Reading Ovid’s Amores

Livia roman sculpture 498349221

Roman statue of Livia Drusilla, wife of the Emperor Augustus. She would have sat through many poetry readings.

In a previous life I may have been a Roman matron who raptly listened to poetry readings at dinner parties.  Latin was my third foreign language, and perhaps because it was the third I found it easy.  I breezily won the Latin prize in college and was one of two students to pass the Ph.D. Latin exam my year.  Latin is complex and highly inflected, and I quickly realized that some of my very intelligent fellow students enjoyed the study of history or linguistics but were incapable of translation.  We who could translate stuck together (and salute you)!

Throughout my long life, I have been especially fond of Ovid, a brilliant poet who eventually was banished to an island by Augustus for carmen et error (a poem and an error, perhaps one of his racy poems).  He is best known for his epic poem, The Metamorphoses, which is superbly funny and clever and the source of our knowledge of Greek and Roman myths.  It is also one of the few Roman poems that is really wonderful in translation.

Ovid’s love elegies (Amores), addressed to a fictitious mistress, Corinna, are very light and saucy. He is the last of three Roman elegists whose work is extant, the others being Propertius and Tibullus.  Ovid  incorporates the stock themes, style, vocabulary, and situations of elegy.  It seems odd that it would have flourished only in the first century B.C., but its roots are in Roman comedy.  It does not go back to Greek lyric poetry.

Ovid Amores 419-MO1CbKL._SX320_BO1,204,203,200_Ovid’s elegies in Book I are frivolous and fun.  A love affair with a married mistress is not easy, and we learn it often involves metaphorical chains.   In Amores I.6, the narrator begs a doorkeeper to take the chains (catena) off the door and make a small gap so he can slip in sideways and see his married mistress.  He says he has shrunk so he can do this.  I love the idea of a guy dieting so he can sneak in.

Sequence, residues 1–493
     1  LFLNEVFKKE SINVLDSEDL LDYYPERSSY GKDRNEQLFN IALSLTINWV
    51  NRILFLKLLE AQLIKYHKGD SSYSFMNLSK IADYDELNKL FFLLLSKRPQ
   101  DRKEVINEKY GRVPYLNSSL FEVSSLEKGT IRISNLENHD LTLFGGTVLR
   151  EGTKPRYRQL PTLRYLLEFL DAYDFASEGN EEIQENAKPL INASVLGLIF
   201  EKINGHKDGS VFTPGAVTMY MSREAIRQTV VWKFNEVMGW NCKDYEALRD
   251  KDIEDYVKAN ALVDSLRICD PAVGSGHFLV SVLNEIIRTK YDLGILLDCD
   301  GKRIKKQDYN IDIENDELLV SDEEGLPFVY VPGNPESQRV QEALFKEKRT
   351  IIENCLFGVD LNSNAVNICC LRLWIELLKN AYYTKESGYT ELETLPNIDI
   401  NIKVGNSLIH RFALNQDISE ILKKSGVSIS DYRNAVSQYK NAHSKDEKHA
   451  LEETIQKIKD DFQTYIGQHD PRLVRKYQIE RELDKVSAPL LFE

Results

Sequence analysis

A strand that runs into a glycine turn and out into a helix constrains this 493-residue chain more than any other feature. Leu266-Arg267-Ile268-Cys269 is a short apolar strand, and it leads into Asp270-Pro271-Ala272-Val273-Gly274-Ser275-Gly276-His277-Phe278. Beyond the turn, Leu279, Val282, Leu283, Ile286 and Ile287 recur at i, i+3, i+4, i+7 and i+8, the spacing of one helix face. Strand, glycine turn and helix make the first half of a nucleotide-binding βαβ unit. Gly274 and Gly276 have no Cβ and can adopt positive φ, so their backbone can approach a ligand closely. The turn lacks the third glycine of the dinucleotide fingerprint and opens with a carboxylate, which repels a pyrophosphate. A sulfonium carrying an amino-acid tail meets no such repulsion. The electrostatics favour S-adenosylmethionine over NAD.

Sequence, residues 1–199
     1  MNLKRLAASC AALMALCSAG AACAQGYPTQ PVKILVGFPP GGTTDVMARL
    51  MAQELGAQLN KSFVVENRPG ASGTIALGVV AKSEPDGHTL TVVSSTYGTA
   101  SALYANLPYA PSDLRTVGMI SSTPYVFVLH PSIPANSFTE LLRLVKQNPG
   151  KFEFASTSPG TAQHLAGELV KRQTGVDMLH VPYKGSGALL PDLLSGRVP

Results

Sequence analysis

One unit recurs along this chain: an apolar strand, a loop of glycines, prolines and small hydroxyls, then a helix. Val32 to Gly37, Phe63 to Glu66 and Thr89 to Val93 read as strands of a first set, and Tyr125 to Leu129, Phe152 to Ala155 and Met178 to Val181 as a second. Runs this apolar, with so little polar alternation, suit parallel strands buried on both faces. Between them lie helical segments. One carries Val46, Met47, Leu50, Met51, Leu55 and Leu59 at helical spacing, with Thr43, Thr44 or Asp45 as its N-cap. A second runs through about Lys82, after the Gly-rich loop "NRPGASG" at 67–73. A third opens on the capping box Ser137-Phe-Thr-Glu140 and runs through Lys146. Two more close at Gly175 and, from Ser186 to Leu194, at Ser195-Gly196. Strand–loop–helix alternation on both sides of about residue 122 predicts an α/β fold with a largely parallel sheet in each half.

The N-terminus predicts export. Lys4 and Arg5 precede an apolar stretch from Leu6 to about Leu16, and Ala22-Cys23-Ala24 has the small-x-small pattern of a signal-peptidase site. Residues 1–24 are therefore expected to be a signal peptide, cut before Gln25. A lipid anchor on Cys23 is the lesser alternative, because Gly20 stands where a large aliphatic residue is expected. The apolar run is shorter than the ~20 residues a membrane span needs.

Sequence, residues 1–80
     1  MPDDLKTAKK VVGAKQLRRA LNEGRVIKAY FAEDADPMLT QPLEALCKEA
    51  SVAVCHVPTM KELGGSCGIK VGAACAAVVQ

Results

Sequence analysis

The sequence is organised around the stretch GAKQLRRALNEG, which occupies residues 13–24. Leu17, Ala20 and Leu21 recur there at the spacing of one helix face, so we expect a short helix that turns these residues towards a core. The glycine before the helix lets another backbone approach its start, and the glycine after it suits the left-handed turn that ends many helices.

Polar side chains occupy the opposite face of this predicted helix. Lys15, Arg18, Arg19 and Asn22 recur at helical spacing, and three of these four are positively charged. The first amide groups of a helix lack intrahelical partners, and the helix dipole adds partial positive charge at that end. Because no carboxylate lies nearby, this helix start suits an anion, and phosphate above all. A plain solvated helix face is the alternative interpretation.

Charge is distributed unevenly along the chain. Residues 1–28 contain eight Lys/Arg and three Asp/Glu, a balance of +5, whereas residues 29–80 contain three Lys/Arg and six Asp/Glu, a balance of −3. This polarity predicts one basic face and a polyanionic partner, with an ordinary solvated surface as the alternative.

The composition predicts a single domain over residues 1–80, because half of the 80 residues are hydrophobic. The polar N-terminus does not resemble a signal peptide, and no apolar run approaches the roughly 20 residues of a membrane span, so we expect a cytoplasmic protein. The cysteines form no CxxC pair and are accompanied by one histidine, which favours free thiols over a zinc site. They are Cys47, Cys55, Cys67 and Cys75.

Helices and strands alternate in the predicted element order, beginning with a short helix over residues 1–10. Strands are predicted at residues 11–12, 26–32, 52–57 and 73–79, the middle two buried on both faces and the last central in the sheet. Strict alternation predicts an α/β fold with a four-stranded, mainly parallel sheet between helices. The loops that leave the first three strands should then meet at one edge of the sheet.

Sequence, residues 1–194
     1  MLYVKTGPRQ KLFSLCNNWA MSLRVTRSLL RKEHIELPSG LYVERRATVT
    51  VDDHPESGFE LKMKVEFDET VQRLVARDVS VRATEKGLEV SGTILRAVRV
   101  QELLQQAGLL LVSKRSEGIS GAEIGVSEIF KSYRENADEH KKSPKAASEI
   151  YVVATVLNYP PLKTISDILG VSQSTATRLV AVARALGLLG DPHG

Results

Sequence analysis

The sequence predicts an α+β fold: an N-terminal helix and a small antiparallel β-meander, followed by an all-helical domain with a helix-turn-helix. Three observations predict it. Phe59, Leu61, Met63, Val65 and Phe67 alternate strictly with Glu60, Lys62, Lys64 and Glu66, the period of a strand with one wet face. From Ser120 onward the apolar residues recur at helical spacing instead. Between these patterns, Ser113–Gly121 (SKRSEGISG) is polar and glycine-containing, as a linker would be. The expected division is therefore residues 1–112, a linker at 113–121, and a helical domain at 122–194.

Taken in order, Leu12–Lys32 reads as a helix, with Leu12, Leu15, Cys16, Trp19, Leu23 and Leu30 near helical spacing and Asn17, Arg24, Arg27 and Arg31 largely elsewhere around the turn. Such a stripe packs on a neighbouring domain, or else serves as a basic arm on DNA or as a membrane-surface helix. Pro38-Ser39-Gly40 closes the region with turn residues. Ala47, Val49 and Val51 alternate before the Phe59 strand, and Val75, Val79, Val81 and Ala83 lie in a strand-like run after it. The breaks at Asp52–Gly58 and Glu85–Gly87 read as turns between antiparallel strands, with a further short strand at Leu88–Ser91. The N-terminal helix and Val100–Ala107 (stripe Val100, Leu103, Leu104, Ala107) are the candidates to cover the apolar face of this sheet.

I went on to Amores I.7 , expecting more silliness, but the use of chains in this poem are different.  The narrator has assaulted his mistress:  he asks to be put in chains by any friend who may be present. And it is one of Ovid’s poems that shock us  feminists (we all love Ovid, but scholars have written about  rape in Metamorphoses) because the treatment of the violence is light.  We see it from a Roman male point of view, and there is repentance, but perhaps not very seriously.

Here is the opening of the Latin elegy (my translation is below)

adde manus in vincla meas (meruere catenas),
dum furor omnis abit, siquis amicus ades:
nam furor in dominam temeraria bracchia movit;
flet mea vaesana laesa puella manu.

Here is my literal translation.
N.B. The word order in Latin is flexible, so the impact of the original is very different. (You only get approximations.).

Put my hands in bonds  (they deserve chains)
until all madness leaves, if any friend be here.
For madness moved my rash arms
My girl cries wounded by my raging hand.

The narrator has struck his mistress. Violence against women is common in our society, and against men too, but we do not expect to read a love elegy about it.  The narrator regrets his actions, but his hyperbolic mythical comparisons don’t apply–in fact, they undermine the expression of his sorrow.  He compares himself to Ajax, driven mad by Athena so that he slaughtered sheep instead of the Greek leaders he wants vengeane on.  The narrator’s mistress is like Cassandra, the prophetess who was dragged from a Trojan temple by the Greeks, “except that Cassandra’s hair was bound with a priestess’s headband.”  Ovid has torn her hair, but he adds that she didn’t wear a headband.  And he adds that disordered hair is becoming to her.

And yet we forgive Ovid.  He realizes that if he had struck a Roman citizen, he would have been punished. He mocks himself, comparing himself to a military hero who is celebrated in Rome, where the crowd that follows the chariots will cry, “Oh, a girl has been conquered by this brave man!”

Her face is scratched and her tunic is torn.  It is while he looks at her, pale as a marble statue, that he first began to know he hurt her.  He says her tears are his blood.  But he lightens up again: at the end he advises her to scratch his eyes and tear his hair.

This subject of violence against a woman is common in Roman poetry.  It has also been treated by Propertius and Tibullus.

I must admit, I do not know what to make of this poem.  And I do not know of a very good translation of Amores.  Peter Green’s translation for the Penguin, The Erotic Poems, is adequate but wordy.  Some poetry does translate better than others.

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